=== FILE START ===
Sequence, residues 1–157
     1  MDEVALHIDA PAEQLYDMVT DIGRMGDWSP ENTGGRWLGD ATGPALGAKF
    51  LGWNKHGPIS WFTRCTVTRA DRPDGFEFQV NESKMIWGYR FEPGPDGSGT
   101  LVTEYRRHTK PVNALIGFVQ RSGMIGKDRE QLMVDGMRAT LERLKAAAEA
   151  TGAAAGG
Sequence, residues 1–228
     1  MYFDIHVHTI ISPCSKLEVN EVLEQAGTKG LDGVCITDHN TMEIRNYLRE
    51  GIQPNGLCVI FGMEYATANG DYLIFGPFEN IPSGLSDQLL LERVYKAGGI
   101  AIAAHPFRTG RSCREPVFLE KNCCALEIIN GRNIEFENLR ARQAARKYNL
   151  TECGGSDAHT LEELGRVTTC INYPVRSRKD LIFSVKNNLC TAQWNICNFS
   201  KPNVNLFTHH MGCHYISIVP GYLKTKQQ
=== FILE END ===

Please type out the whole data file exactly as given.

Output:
Sequence, residues 1–157
     1  MDEVALHIDA PAEQLYDMVT DIGRMGDWSP ENTGGRWLGD ATGPALGAKF
    51  LGWNKHGPIS WFTRCTVTRA DRPDGFEFQV NESKMIWGYR FEPGPDGSGT
   101  LVTEYRRHTK PVNALIGFVQ RSGMIGKDRE QLMVDGMRAT LERLKAAAEA
   151  TGAAAGG
Sequence, residues 1–228
     1  MYFDIHVHTI ISPCSKLEVN EVLEQAGTKG LDGVCITDHN TMEIRNYLRE
    51  GIQPNGLCVI FGMEYATANG DYLIFGPFEN IPSGLSDQLL LERVYKAGGI
   101  AIAAHPFRTG RSCREPVFLE KNCCALEIIN GRNIEFENLR ARQAARKYNL
   151  TECGGSDAHT LEELGRVTTC INYPVRSRKD LIFSVKNNLC TAQWNICNFS
   201  KPNVNLFTHH MGCHYISIVP GYLKTKQQ